Life of Frederick Douglass

Frederick Douglass is a key figure in the abolitionist movement, the African-American press, journalism and literature.

Despite the fact, that Frederick Douglass was a Self-Made Men, many people helped him to understand his own importance for the American history and abolition of slavery. On the pages of Narrative of the Life of Frederick Douglass an American Slave, Captain Anthony Colonel, Edward Lloyd, Lucretia Auld, Captain Thomas Auld, Hugh Auld, Sophia Auld, Edward Covey, Betsy Bailey, Aunt Hester, Harriet Bailey, Sandy Jenkins, William Freeland, William Hamilton, William Gardner, Anna Murray, Nathan Johnson, Wendell Phillips and William Lloyd Garrison were peculiar catalysts of Frederick’s struggle.

The main objective of this paper is to explain why Colonel Lloyd, Hugh and Sophia Auld, Edward Covey, and Sandy Jenkins had the most significant influence on Douglass’s life.

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Being a slave, Frederick Douglass had many masters throughout his life. Colonel Lloyd was the first Douglass’s owner. Lloyd was an extremely rich man with a large number of slaves. As Douglass stated, “Colonel Lloyd kept from three to four hundred slaves on his home plantation and owned a large number more on the neighboring farms belonging to him.”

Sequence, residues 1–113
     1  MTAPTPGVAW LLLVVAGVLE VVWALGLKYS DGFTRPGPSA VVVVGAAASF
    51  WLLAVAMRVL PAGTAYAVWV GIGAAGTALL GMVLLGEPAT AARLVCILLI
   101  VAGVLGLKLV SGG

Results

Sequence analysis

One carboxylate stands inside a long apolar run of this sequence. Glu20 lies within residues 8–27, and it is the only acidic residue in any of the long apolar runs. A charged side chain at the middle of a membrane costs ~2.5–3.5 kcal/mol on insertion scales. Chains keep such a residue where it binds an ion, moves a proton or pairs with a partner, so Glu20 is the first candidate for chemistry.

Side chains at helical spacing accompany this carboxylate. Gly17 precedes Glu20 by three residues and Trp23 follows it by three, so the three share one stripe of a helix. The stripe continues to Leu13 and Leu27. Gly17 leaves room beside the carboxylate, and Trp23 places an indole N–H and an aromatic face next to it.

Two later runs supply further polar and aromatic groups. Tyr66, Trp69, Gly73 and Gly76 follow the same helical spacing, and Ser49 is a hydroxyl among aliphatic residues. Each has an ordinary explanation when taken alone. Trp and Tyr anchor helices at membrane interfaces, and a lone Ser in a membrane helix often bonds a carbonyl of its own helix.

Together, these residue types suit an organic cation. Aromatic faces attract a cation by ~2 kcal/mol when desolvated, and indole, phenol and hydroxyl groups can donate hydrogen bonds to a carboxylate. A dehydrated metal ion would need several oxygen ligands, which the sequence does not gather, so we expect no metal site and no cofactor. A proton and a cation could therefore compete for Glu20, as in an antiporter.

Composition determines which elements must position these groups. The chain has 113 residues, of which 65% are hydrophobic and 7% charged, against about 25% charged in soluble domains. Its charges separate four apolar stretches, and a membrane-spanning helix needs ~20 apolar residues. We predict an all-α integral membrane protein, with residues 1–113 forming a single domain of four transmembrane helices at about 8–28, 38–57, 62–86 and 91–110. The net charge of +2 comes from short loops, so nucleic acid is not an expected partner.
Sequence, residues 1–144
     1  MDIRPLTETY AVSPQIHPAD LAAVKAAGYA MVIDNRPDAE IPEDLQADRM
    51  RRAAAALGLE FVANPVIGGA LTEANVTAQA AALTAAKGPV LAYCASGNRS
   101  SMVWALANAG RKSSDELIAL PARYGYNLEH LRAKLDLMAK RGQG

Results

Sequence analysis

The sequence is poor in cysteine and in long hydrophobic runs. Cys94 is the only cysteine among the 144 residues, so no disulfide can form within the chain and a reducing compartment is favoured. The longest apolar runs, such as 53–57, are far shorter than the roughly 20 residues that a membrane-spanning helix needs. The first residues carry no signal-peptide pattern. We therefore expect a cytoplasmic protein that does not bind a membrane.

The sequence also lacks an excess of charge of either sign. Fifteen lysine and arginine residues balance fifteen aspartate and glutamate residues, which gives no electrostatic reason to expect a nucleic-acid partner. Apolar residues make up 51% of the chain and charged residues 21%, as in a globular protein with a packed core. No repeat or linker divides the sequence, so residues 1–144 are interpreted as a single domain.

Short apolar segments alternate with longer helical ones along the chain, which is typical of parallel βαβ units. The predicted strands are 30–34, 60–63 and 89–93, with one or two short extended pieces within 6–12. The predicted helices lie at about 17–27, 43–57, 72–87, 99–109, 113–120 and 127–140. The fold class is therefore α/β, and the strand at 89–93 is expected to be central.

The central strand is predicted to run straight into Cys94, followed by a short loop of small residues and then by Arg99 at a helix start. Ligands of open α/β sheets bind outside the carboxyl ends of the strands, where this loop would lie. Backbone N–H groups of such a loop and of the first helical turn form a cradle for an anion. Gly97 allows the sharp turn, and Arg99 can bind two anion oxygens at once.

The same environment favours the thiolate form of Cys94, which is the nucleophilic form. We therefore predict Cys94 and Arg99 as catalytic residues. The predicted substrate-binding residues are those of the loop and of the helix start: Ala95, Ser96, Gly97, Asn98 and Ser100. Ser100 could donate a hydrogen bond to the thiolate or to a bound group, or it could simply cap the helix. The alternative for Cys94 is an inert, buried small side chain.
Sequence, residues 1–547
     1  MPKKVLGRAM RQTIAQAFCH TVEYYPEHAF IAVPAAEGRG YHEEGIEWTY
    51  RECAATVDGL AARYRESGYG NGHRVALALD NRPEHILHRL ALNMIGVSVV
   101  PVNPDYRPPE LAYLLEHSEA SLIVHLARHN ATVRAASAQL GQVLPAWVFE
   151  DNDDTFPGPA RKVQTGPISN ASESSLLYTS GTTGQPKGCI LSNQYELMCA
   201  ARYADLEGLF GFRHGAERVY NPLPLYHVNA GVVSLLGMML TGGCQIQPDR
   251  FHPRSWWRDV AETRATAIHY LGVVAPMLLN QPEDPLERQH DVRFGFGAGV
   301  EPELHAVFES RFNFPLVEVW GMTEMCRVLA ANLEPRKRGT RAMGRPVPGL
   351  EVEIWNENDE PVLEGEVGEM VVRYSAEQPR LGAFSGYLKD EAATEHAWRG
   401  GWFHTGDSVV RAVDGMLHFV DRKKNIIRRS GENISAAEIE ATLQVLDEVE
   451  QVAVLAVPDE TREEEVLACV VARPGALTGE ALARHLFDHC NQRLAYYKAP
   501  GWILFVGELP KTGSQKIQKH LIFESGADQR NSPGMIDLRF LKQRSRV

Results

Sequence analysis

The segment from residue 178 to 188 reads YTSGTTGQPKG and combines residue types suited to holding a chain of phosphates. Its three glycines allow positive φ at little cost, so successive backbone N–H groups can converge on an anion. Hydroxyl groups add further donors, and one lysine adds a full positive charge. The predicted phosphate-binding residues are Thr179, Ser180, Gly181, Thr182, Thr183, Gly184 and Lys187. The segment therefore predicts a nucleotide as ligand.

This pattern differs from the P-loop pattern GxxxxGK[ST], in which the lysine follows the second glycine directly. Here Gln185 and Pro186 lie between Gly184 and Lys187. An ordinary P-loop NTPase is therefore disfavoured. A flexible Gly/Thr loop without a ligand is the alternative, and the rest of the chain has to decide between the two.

The richest landowner in the area was the boss of Captain Anthony, who probably was Frederick’s father. The importance of Lloyd’s existence in  Frederick’s life consists in th fact  that this cruel man, who insisted on total subservience from his slaves and often punished them unjustly, showed little Douglass all horrors of slavery.

Hugh and Sophia Auld, Douglass’s owners from Baltimore, played the most significant role in shaping the personality of young Douglas. They discovered the power of education before him. The character of Sophia Auld has changed dramatically throughout the story.  Douglass’s initial characteristic of this woman is idealistic. He described her as “a woman of the kindest heart and finest feelings.” The symbolism of her depiction is obvious as well as other characters. Sophia Auld transformed from a kind-hearted and compassionate woman into a cruel and authoritative. Douglass confessed, “The fatal poison of irresponsible power was already in her hands, and soon commenced its infernal work. That cheerful eye, under the influence of slavery, soon became red with rage; that voice, made all of sweet accord, changed to one of harsh and horrid discord; and that angelic face gave place to that of a demon”. The reader of the Narrative of the Life of Frederick Douglass an American Slave may observe how her character has changed under the husband’s pressure. Describing this character, Douglass tries to leave the message of how power over men changes slaveholders. The main contribution of Sophia Auld was that she presented Douglass with the world of education. Douglass learned how to read and write.